As with their projects, there is a crispness and clarity to the book design, with lush imagery yet room to breathe. Copy is intelligent yet approachable (with help from Judith Nasatir, effectively translating their voice), informative, inspiring yet personal with chapters that are logical, yet organized with a relaxed point of view. If we didn’t know better, we’d feel like the casually chic husband and wife team of Jesse Carrier and Mara Miller just breeze through life and work.
The image of their reception area gives hints of what’s to come – an eclectic, sophisticated and ultimately timeless mix. As they put it, “timelessness is the love child of modern and traditional.”
In the chapter on timelessness in interiors, the duo start to explain how they arrive at “the mix.” For example, in Anna Wintour’s country house living room (not identified but recognizable), bold choices in scale and pattern offset quieter moments. Shiny white enameled floors sit under the rough rustic texture of sea grass and formal traditional curtains are of a contemporary fabric.
It is the element of scale that lends the vingnette below an updated feel. An enormous Hugo Guinness painting seems to overwhelm the small Swedish painted chest – but it is exactly that surprising juxtaposition that makes it modern and chic.
When Catie and Don Maron (not identified but has been published) asked the team to design their Southampton house, their only request was for a “new version of an old American house.” By “honoring-and updating-the tradition of blue and white,” Carrier and Company created a wordly yet relaxed take on the theme.
In the country chic dining room, a traditional blue and white scheme is continued from other rooms through accessories.
And a weathered zinc top table and plants in antique stands reference the adjoining garden, all executed with a comfortable and light-filled touch.
In describing the melding of styles, possessions and points of view often required in a project, Jesse and Mara explain that the goal is the “perfectly imperfect,” where unrelated components are combined for visual compatibility. It allows for change and flexibility. “The mix is very forgiving. Life does not have to be perfect. Furnishings and possessions do not have to be perfect. But you can still live beautifully.” Amen! Below, a contemporary Eskayel paper on the walls serves as a backdrop for the clients’ historic maps and favorite photographs with a “mix of disparate forms, textures, and materials unified through color and artisanal quality.”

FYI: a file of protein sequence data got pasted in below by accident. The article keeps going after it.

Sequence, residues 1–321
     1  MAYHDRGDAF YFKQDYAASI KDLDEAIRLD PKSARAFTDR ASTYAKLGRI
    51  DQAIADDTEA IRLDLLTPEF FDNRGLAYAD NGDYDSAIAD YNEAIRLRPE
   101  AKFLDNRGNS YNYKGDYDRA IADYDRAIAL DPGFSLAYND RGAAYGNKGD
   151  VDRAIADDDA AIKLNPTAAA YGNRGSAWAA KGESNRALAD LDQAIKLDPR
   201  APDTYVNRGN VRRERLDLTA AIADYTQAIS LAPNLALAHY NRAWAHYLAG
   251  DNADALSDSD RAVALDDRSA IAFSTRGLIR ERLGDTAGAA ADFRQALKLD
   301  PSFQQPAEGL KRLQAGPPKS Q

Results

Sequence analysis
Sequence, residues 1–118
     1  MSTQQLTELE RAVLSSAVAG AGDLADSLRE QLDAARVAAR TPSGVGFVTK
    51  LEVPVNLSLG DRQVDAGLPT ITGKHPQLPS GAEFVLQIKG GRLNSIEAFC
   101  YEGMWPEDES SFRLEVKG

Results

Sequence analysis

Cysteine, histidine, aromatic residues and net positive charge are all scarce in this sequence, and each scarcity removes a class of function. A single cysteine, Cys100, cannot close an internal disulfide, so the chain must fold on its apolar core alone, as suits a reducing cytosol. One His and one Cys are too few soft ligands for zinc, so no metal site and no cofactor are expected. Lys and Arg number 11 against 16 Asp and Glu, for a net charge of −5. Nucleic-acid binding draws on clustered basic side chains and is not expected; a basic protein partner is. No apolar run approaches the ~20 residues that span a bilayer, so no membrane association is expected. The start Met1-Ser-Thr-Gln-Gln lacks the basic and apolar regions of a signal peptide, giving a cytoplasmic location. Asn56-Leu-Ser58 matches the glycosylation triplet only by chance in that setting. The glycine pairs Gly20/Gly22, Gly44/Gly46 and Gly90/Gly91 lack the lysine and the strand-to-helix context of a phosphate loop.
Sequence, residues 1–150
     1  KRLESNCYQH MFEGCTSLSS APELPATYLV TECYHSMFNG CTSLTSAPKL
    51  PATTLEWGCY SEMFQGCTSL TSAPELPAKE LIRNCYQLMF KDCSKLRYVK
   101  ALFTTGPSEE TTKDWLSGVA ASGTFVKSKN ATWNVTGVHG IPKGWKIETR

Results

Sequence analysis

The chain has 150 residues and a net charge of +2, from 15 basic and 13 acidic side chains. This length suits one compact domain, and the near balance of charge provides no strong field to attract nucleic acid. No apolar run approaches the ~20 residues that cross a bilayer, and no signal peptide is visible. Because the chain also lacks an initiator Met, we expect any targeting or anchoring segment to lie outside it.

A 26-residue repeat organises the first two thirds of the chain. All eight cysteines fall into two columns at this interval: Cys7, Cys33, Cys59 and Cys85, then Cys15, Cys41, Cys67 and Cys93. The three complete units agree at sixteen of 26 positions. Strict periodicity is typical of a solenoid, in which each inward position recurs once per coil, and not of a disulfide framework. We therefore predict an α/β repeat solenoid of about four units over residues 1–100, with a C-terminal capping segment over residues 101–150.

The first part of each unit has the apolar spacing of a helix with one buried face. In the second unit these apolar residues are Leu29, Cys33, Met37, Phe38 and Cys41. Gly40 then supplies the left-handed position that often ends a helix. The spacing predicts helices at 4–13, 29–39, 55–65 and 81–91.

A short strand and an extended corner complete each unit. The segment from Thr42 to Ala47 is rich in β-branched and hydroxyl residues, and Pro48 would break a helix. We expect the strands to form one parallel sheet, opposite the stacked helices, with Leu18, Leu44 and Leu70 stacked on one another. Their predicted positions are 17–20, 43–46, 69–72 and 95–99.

If I were in school, I would have been highlighting lines from the chapter on Tailored Refinement where the designers explain how all their projects, regardless of style, are rooted in classic design principles. This is something I strongly believe in – that a knowledge of at least the basics of the history of design, architecture and decorative arts is indispensable in creating not only beautiful but livable and harmonious interiors. It teaches you how to “see and know proper form, proportion, scale, elevation, plan and composition. … it is the essential visual language that must learned, absorbed and mastered before graduating to abstraction and beyond.”
A tailored room in Carrier and Company’s book is defined as “clean and pared down,” strictly edited without excessive embellishment or major color play, yet sophisticated, warm and comfortable. In the Florida house above and below, crisp and clear forms are enhanced by strong details resulting in rooms with understated yet glamorous elegance.
The versatility of the firm is extended in a chapter of country rooms where rustic charm is still refined and well considered.
The design vernacular may be simpler and less polished but provides a gracious and stylish sense of place. As they say, “history matters” and each country project is aware of and speaks to its location. A Hamptons guest room in a converted barn, below, references local design history without feeling period but with an appropriateness that just feels comfortable and authentic.
When considering projects that have a traditional bent, they honor the past but aren’t restricted by it. “Tradition for us is something of a loose fantasy, rather than a tight construct of provenance and period.” It is the trained eye that is able to recognize, interpret and bring tradition forward for a new meaning today. Town & Country Editor in Chief Jay Fielden’s Connecticut home (again, not identified but previously published) actually falls within the chapter “Luxuriously Modern” but I think expresses an organic warmth that could be defined within the realm of modern traditional today.
With an eclectic yet sophisticated mix of high low, from antiques and chic vintage finds to Restoration Hardware to thrift shop discoveries, it represents the best of both traditional and modern – appropriately, just like the magazine Mr. Fielden edits. And just like this and Jesse and Mara’s many other featured projects, the book is thoughtful, personal and perceptive. As Anna Wintour says in her introduction, “each and every interior here embodies a real sense of personal charm, these are homes whose high style comes from a very human-scaled sense of warmth and joy.” And isn’t that what it’s all about?